"The self-loathing was the worst thing about it," she says. "I hated myself as an alcoholic, but I could not stop."

Eight years ago, during a meeting for people who had drinking problems with counselors at the University of North Carolina, Chapel Hill, she first heard about Dr. James Garbutt, a psychiatrist who uses naltrexone to treat patients with alcohol-use disorders. She tried to get an appointment to see him, but was told it would take weeks to fit her in. She wouldn't wait that long. Instead, she showed up in the doctor's waiting room and stayed until he was able to see her.

"I begged. I really begged to get to see him," she says.

With the help of naltrexone and one-on-one counseling, Dede says she has consumed no more than two sips of wine since that visit.

Shots - Health News New Medications For Treating Opioid Addiction Are On The Horizon

A third drug is also available, but it does not work against alcohol cravings. Disulfiram, also known by the brand name Antabuse, makes people violently ill when they consume alcohol. It has been found to be less effective in helping stem alcohol abuse than the other two drugs.

Naltrexone comes in both an oral and injectable form and has few side effects. It was approved for use in alcohol addiction in 1994. Acamprosate was approved in 2004 to treat only alcohol problems. It comes as a tablet.

When naltrexone came on the market, many misunderstood how and for whom the drug worked. Naltrexone's makers stopped marketing the drug in 1997. Acamprosate was plagued by many of the same marketing problems. Misunderstanding still persists today.

Naltrexone's history of opioid treatment also hurt its image. The drug blocks the effects of opioid receptors in the brain, so opioid users who take it without first having completely detoxed experience agonizing withdrawal.

But naltrexone doesn't have the same effect on patients with alcohol-use disorders. A patient who drinks while taking the drug will still experience the effects of alcohol that impair coordination and judgment, but not get the opioid-induced reward to reinforce the behavior. That makes the idea of drinking less appealing.

Garbutt, who was on the expert panel last year, encourages complete abstinence for his patients, but also supports patients who would rather set a goal of harm reduction.

"If we can reduce your intake 80 percent and reduce your heavy drinking days a lot, that's also very positive," he says. "Some people just aren't ready. The idea of sobriety is just too big of a concept for them to wrap their head around."

In fact, explains Garbutt, while naltrexone does help patients remain abstinent, "the effect of reducing heavy drinking is the most prominent effect of naltrexone."

Kaiser Health News is an editorially independent news service that is part of the nonpartisan Henry J. Kaiser Family Foundation. Emma Yasinski is on Twitter: @EmmaYas24

Copyright 2016 Kaiser Health News. To see more, visit Kaiser Health News.
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War Studies Suggest A Concussion Leaves The Brain Vulnerable To PTSD

Mon, 09/26/2016 - 4:39am
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September 26, 20164:39 AM ET Heard on Morning Edition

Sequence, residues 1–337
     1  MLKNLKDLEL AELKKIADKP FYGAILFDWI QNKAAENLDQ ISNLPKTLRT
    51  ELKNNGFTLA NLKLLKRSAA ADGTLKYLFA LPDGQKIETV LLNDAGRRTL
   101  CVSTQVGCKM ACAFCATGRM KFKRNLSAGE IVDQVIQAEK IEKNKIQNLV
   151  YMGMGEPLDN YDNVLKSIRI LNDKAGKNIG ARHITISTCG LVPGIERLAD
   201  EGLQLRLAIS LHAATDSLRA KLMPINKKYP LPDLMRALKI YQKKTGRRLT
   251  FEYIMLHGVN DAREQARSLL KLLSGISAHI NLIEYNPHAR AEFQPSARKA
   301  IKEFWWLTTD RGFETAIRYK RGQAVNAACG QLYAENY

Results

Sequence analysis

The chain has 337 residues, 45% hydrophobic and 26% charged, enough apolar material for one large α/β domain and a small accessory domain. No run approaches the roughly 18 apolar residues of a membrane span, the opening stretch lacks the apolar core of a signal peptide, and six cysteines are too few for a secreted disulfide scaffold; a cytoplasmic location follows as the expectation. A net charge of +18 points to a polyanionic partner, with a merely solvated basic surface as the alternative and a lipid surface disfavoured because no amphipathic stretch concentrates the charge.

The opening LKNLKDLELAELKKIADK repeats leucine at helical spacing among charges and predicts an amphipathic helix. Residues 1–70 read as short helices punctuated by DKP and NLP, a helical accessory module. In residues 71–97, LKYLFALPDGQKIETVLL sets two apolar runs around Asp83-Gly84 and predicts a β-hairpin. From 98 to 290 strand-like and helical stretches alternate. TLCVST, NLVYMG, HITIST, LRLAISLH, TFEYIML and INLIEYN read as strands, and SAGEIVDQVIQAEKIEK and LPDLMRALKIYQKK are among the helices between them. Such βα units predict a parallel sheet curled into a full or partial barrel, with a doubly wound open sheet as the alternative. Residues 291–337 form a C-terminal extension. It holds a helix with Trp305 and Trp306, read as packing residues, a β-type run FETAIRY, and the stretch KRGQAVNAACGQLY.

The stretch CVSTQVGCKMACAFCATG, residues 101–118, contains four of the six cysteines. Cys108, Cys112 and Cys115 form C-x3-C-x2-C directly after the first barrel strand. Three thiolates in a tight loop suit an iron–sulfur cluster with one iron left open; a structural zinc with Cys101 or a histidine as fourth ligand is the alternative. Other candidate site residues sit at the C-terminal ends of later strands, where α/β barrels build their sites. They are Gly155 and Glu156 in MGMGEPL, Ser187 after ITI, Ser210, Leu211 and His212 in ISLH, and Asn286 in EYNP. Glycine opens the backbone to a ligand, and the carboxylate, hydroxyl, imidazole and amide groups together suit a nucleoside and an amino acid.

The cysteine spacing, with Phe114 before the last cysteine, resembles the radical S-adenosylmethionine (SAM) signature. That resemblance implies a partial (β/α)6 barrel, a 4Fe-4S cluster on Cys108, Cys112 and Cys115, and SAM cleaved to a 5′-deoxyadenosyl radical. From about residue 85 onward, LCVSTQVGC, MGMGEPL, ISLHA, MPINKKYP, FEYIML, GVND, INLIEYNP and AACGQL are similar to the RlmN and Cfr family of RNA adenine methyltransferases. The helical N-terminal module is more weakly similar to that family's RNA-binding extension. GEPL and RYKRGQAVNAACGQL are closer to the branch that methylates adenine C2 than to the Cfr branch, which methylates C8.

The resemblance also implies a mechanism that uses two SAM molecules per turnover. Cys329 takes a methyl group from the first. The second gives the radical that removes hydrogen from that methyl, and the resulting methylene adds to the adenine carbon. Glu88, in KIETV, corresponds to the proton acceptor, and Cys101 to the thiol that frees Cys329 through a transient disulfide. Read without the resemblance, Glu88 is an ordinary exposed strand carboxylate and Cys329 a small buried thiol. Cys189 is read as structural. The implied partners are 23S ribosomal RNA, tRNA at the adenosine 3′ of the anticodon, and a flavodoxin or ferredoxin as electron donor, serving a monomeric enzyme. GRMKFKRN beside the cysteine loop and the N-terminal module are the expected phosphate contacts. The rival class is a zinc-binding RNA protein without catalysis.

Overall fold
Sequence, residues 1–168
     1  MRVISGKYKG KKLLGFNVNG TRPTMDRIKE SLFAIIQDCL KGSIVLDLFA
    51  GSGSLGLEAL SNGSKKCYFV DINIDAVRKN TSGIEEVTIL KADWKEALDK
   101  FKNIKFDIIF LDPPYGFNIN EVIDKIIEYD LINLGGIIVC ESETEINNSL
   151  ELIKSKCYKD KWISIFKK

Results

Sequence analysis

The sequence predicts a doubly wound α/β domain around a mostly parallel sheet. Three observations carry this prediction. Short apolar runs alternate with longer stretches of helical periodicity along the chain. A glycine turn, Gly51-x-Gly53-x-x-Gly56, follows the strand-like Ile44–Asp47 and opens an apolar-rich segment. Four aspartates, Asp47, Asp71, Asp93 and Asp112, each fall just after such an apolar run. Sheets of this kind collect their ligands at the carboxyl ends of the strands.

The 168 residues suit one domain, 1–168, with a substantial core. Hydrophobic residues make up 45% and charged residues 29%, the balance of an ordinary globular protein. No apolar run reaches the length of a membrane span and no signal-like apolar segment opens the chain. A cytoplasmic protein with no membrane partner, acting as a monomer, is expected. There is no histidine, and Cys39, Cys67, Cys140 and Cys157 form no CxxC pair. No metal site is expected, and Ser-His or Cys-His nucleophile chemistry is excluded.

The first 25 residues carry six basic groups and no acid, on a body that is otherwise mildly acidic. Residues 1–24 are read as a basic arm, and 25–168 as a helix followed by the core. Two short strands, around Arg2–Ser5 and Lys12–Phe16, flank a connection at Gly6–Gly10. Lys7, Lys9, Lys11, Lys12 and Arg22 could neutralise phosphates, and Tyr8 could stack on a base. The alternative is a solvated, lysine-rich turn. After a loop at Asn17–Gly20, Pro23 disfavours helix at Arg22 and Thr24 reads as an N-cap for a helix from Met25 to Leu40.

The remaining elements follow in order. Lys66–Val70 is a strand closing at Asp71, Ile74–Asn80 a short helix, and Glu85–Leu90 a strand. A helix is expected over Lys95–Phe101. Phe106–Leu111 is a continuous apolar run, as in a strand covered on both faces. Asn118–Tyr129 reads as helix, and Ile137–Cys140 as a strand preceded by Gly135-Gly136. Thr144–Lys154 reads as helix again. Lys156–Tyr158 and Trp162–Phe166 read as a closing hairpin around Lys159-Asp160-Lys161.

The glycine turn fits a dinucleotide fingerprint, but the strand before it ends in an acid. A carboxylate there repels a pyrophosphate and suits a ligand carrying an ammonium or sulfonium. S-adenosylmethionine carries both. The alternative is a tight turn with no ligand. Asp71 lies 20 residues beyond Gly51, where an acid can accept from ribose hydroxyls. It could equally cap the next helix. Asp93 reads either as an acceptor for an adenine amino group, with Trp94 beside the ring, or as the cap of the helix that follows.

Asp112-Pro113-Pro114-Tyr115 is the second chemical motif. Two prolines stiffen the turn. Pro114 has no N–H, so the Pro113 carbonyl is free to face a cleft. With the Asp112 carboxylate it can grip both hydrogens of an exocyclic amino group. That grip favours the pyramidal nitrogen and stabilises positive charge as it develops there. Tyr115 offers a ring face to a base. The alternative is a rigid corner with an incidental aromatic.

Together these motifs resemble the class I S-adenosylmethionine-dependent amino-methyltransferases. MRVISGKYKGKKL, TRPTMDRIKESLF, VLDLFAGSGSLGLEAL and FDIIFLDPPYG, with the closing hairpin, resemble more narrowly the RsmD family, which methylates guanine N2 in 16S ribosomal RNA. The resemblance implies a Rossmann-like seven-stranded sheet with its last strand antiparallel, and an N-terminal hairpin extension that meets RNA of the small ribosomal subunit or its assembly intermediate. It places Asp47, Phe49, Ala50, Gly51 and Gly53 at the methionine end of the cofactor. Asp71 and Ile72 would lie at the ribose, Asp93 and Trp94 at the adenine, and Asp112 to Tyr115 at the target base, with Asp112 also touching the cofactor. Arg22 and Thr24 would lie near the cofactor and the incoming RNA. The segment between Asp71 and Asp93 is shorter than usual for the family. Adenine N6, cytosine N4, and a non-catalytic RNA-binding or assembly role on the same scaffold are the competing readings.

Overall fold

Charles Mayer, 30, of San Diego survived an IED attack while serving in Iraq in 2010, but has suffered from complications including PTSD.

Stuart Palley for NPR

There's growing evidence that a physical injury to the brain can make people susceptible to post-traumatic stress disorder.

Studies of troops who deployed to Iraq and Afghanistan have found that service members who have suffered a concussion or mild traumatic brain injury are far more likely to develop PTSD, a condition that can cause flashbacks, nightmares and severe anxiety for years after a traumatic event.

And research on both people and animals suggests the reason is that a brain injury can disrupt circuits that normally dampen the response to a frightening event. The result is like "driving a car and the brake's not fully functioning," says Mingxiong Huang, a biomedical physicist at the University of California, San Diego.

Scientists have suspected a link between traumatic brain injury (TBI) and PTSD for many years. But the evidence was murky until researchers began studying troops returning from Iraq and Afghanistan.

What they found was a lot of service members like Charles Mayer, an Army sniper from San Diego who developed PTSD after finishing a deployment in Iraq.

In 2010, Mayer was on patrol in an Army Humvee near Baghdad when a roadside bomb went off. "I was unconscious for several minutes," he says. So he found out what happened from the people who dragged him out.

The blast fractured Mayer's spine. It also affected his memory and thinking. That became painfully clear when Mayer got out of the Army in 2012.

Charles (right) gets tutoring from his brother David on the GRE test at their parents' home. The couch in the living room bears a blanket with images of the three Mayer brothers.

Stuart Palley for NPR

"Two weeks later, I started school," he says. "And a simple math equation like 120 times 7, where I previously would do that in my head very easily, I all of a sudden couldn't do that."

And Mayer had a bigger problem. His time in Iraq had left him with an uncontrollable fear of improvised explosive devices, or IEDs.

"When I would walk down the street, I would walk away from trash piles because that's often how they would hide IEDs," he says. "I stayed away from large crowds."

Mayer's fear was not only disturbing, it was disabling. "I would get severe panic attacks to the point where I would have to go to the hospital," he says. "I would feel like I'm actually having a heart attack."